A black Korean War veteran, discharged from an integrated Army into a segregated homeland, makes a reluctant journey back to Georgia in a novel engaged with themes that have long haunted Morrison.
Hope: A Tragedy by Shalom Auslander
Hilarity alternates with pain in this novel about a Jewish man seeking peace in upstate New York who discovers Anne Frank in his attic.
How Should a Person Be? by Sheila Heti
The narrator (also named Sheila) and her friends try to answer the question in this novel’s title.
In One Person by John Irving
Irving’s funny, risky new novel about an aspiring writer struggling with his sexuality examines what happens when we face our desires honestly.
Married Love: And Other Stories by Tessa Hadley
Hadley’s understatedly beautiful collection is filled with exquisitely calibrated gradations and expressions of class.
NW by Zadie Smith
The lives of two friends who grew up in a northwest London housing project diverge, illuminating questions of race, class, sexual identity and personal choice, in Smith’s energetic modernist novel.
On the Spectrum of Possible Deaths by Lucia Perillo
Taut, lucid poems filled with complex emotional reflection.
The Right-Hand Shore by Christopher Tilghman
A dark, magisterial novel set on a Chesapeake Bay estate.
San Miguel by T. Coraghessan Boyle
Two utopians from different eras establish private idylls on California’s desolate Channel Islands; this novel preserves their tantalizing dreams.
Shine Shine Shine by Lydia Netzer
This thought-provoking debut novel presents a geeky astronaut and his pregnant wife.
Shout Her Lovely Name by Natalie Serber
The stories in Serber’s first collection are smart and nuanced.
Silent House by Orhan Pamuk
A family is a microcosm of a country on the verge of a coup in this intense, foreboding novel, first published in Turkey in 1983.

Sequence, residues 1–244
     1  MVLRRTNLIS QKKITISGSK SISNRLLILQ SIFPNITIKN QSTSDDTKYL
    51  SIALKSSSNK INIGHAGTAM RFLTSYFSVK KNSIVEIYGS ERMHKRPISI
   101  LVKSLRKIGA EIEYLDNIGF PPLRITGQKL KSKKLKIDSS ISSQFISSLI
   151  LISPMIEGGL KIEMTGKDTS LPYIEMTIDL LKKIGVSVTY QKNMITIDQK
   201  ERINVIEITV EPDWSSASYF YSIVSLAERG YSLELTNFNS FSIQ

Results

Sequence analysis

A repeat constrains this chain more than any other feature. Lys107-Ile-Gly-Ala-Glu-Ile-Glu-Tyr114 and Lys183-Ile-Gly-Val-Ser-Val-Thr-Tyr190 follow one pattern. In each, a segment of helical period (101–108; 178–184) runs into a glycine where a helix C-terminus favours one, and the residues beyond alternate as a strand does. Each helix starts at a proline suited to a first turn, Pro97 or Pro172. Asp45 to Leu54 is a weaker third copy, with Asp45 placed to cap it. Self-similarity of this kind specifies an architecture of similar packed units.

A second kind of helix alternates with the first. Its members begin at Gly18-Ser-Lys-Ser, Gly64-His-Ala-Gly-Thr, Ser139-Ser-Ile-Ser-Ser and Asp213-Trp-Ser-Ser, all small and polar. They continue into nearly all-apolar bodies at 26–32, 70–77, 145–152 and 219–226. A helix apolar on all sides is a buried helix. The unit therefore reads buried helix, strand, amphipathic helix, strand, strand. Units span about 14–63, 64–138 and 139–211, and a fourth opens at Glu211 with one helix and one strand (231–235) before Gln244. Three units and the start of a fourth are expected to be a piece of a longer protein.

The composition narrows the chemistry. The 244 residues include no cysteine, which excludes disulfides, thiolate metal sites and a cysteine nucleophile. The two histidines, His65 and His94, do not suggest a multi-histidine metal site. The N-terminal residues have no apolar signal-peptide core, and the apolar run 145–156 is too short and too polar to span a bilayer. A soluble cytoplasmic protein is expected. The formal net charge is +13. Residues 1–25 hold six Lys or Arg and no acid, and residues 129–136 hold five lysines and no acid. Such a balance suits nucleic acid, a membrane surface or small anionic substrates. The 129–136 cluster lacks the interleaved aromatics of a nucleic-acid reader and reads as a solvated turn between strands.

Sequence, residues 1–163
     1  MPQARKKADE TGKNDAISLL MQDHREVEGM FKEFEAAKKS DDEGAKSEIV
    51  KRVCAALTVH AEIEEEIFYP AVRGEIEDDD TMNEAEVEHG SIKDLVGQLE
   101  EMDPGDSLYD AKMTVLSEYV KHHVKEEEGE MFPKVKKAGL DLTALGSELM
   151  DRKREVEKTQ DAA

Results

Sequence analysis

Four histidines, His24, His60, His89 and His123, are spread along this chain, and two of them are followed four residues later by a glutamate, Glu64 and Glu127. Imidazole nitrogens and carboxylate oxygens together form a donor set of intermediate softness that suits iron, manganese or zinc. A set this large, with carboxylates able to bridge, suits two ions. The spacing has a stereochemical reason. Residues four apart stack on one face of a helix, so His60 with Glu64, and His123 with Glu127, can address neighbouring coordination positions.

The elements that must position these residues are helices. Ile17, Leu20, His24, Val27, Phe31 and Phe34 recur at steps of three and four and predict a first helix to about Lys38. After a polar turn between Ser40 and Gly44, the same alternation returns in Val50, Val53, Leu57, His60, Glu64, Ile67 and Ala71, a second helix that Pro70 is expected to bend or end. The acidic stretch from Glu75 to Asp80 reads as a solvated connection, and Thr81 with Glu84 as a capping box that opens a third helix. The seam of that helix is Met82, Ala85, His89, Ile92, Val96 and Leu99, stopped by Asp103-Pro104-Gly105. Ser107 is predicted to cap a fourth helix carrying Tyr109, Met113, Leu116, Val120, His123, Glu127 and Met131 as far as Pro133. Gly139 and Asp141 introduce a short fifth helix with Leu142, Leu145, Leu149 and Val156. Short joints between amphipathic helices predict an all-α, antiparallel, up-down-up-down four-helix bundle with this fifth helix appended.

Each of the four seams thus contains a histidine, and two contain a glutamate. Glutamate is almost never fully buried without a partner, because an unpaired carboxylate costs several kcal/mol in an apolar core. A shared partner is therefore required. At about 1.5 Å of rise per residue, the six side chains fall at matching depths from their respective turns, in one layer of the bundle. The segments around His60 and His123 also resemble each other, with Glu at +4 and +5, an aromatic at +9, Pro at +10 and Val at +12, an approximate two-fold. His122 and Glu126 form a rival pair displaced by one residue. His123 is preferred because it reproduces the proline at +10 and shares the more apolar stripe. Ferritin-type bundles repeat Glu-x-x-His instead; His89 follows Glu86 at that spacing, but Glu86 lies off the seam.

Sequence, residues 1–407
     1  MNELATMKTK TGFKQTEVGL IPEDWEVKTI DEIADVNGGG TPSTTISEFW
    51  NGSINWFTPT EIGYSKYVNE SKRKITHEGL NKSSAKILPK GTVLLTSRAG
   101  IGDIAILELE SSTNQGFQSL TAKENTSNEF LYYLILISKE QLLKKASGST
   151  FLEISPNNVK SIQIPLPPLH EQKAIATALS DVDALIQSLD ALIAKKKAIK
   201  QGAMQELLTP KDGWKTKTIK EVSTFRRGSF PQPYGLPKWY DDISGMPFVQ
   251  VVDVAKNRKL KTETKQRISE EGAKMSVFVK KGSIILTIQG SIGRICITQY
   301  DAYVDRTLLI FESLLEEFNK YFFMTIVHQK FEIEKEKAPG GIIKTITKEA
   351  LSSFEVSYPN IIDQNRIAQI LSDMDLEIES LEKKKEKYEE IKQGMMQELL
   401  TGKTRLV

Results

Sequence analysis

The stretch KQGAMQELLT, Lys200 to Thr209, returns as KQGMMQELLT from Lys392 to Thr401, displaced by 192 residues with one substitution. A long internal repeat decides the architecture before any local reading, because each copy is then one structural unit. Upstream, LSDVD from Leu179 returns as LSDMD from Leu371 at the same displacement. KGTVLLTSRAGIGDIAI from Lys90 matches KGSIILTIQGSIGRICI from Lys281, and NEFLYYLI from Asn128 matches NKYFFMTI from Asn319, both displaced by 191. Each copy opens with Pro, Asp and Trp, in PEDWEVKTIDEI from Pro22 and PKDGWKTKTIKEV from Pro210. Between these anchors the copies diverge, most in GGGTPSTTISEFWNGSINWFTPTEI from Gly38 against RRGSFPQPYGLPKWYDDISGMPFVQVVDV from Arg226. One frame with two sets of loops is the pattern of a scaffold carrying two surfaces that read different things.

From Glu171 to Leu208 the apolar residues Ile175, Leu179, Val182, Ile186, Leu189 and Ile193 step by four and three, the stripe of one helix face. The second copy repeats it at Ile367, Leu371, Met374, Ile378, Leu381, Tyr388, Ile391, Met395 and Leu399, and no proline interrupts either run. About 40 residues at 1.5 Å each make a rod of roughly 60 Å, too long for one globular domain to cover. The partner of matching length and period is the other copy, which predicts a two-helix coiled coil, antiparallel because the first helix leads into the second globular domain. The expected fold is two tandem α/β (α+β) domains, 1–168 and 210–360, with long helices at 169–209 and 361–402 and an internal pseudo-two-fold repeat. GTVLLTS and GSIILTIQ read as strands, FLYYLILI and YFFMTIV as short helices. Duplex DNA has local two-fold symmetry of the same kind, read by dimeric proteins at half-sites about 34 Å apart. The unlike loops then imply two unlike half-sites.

The Starboard Sea by Amber Dermont
Dermont’s captivating debut novel, whose narrator is a boarding school student and a sailor, takes pleasure in the sea and in the exhilarating freedom of being young.
Swimming Home by Deborah Levy
In this spare, disturbing and frequently funny novel, a troubled young woman tests the marriages of two couples.
Telegraph Avenue by Michael Chabon (eBook)
Chabon’s rich comic novel about fathers and sons in Berkeley and Oakland, Calif., juggles multiple plots and mounds of pop culture references in astonishing prose.
The Testament of Mary by Colm Toibin
This beautiful work takes power from the surprises of its language and its almost shocking characterization of Mary, mother of Jesus.
This Is How You Lose Her by Junot Díaz
The stories in this collection are about love, but they’re also about the undertow of family history and cultural mores, presented in Díaz’s exciting, irresistible and entertaining prose.
Three Strong Women by Marie NDiaye
In loosely linked narratives, three women from Senegal struggle with fathers and husbands in France. This subtle, hypnotic novel won the Prix Goncourt in 2009.
Toby’s Room by Pat Barker
This novel, a sequel to “Life Class,” delves further into the lives of an English family torn apart by World War I.
Watergate by Thomas Mallon
This novelistic reimagining of the “third-rate burglary” proposes surprising motives for the break-in and the 18-minute gap, and has a sympathetic Nixon.
What We Talk About When We Talk About Anne Frank: Stories by Nathan Englander (audio download, eBook)
Englander tackles large questions of morality and history in a masterly collection that manages to be both insightful and uproarious.
The Yellow Birds by Kevin Powers
A young private and his platoon struggle through the war in Iraq but find no peace at home in this powerful and moving first novel about the frailty of man and the brutality of war.